Music on the Palouse and in the Lewiston-Clarkston Valley, a traveling art exhibit and an old-fashioned Christmas top this week’s list of events to consider. Many more are in the calendar on Page 14 — and at inland360.com, where readers can sign up for our weekly events newsletter highlighting even more options to explore.
The Palouse Choral Society and the Washington Idaho Symphony
, collaborating for the first time since before the pandemic, will perform George Frideric Handel’s “Messiah”
at 7:30 p.m. Saturday and 4 p.m. Sunday at Pullman High School, 510 NW Greyhound Way.
Handel’s now legendary oratorio — including the “Hallelujah Chorus,” for which audiences traditionally stand — was written over a 24-day span in August and September of 1741, according to a symphony news release. He signed the manuscript with the letters SDG, for soli deo gloria or “To God alone the glory,” an inscription that led to the myth that Handel wrote it in a burst of divine inspiration. Handel was an experienced composer, though, and writing an opera or oratorio so quickly would not have been unusual for him.
Four guest soloists will be featured in this weekend’s performances: Alisa Toy, soprano, from Lewiston; Laura Beckel Thoreson, contralto, from Portland,Ore.; Ryan Deignan, tenor, from Duluth, Minn.; and Stefan Gordon, baritone, from Moscow.
Tickets are at wa-idsymphony.org/tickets
; general admission is $20, and WSU students and children 6-12 can attend for free.
Interlink’s Christmas Variety Show
, a fundraiser for the Clarkston nonprofit that provides transportation for seniors and people with disabilities, is set for 2-4 p.m. Saturday at Clarkston High School’s auditorium, 401 Chestnut St.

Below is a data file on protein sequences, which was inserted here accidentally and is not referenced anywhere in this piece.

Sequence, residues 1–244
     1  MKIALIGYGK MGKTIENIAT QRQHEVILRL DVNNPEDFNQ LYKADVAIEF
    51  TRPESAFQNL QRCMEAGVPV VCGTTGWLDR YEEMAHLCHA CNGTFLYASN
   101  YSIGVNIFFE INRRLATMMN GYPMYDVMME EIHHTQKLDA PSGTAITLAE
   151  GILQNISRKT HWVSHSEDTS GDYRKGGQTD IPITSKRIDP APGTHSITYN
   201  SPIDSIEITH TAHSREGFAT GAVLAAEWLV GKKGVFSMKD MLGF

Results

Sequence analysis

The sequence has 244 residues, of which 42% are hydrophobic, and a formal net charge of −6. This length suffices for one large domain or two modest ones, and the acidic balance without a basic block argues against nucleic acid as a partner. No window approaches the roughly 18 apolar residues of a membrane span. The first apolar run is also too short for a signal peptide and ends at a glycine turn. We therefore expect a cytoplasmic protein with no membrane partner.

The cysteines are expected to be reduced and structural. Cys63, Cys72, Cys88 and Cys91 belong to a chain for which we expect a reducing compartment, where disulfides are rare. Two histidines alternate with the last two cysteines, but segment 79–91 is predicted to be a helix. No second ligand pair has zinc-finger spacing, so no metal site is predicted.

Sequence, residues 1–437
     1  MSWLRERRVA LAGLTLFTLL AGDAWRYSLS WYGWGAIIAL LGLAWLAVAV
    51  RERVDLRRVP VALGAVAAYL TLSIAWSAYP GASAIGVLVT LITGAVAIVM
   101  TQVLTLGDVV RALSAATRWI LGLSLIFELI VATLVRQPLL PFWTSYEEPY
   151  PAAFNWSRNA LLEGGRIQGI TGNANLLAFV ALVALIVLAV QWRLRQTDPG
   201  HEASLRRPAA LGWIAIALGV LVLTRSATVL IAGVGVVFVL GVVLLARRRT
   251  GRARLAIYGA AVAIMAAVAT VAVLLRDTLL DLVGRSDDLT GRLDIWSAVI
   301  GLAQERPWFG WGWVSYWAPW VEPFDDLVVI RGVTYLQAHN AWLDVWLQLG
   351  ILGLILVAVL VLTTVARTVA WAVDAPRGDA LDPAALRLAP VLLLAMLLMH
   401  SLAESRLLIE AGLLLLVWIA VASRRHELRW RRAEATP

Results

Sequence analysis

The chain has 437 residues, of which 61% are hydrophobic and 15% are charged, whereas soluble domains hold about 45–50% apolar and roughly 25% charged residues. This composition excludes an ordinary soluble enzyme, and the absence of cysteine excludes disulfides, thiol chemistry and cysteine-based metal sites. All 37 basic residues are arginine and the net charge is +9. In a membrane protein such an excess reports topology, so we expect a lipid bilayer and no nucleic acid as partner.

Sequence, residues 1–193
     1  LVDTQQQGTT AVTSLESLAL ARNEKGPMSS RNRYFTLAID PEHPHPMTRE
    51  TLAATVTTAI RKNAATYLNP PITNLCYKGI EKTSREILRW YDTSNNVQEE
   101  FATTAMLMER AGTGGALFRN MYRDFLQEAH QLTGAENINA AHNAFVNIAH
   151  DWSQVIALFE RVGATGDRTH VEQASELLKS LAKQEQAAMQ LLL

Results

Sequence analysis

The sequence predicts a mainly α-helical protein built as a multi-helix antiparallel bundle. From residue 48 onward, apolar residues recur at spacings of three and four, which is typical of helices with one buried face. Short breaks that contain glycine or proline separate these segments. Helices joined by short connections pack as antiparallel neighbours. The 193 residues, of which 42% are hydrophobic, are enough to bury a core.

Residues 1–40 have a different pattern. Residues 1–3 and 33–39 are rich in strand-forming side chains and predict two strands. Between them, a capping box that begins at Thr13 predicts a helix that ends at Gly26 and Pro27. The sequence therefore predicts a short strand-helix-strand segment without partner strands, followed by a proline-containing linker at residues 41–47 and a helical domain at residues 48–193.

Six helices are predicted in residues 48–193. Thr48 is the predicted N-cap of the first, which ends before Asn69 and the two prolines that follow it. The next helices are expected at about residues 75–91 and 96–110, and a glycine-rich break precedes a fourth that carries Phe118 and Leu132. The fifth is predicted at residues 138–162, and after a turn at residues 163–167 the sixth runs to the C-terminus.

The event, returning for the first time since 2018, has evolved from a community church choir concert to include dance and instrumental performances by community members, according to an Interlink news release.
The Rev. Cody Stauffer, from First United Methodist Church of Lewiston and Clarkston United Methodist Church, will emcee the event, with the Clarkston High School Jazz Band, Just for Kix Dance Studio, pianist Jon Van Vogt and Nathanael Tucker and students from his Valley Violin Academy among the performers.
Tickets are $15 at the door or $12 or five for $50 in advance at the Interlink office, 549 Fifth St., Suite E, in Clarkston. More information is at interlinkvolunteers.org
An exhibit at Lewis-Clark State College’s Center for Arts & History
examines the history of multicultural logging communities with an in-depth look at the segregated community of Maxville, Ore.
“ ‘Timber Culture,’
depicts the lives of loggers and their families drawn together from different cultures during the great migration, presenting an inclusive look at Oregon’s multicultural logging communities,” according to an LCSC news release.
The traveling exhibit, on loan from the Maxville Heritage Interactive Center, will be at the Lewiston gallery, 415 Main St., until Jan. 27. A closing reception is set for 4-6 p.m. Jan. 25.
Gallery hours are 10 a.m. to 2 p.m. Mondays, 10 a.m. to 4 p.m. Wednesdays, 11 a.m. to 5 p.m. Thursdays and 10 a.m. to 4 p.m. Frida
ys. The center also is open on select weekend dates and by appointment. More information is at lcsc.edu/cah
White Spring Ranch Museum’s Christmas Open House
courtesy White Spring Ranch Museum
is set for 1-5 p.m. Sunday, at 1004 Lorang Road, Genesee.
The Majestic stove will be going in the ranch’s historical farmhouse for an old-fashioned Christmas feel, and music will be provided by John Elwood on dulcimer and Jeanne McHale on piano, according to information provided by the ranch.
Tea, cider and hot chocolate, and Christmas treats will be served in the warmed kitchen. Visitors should dress warmly for touring other rooms in the farmhouse and the1878 log cabin.
There is no cost to attend the event, but donations will be accepted.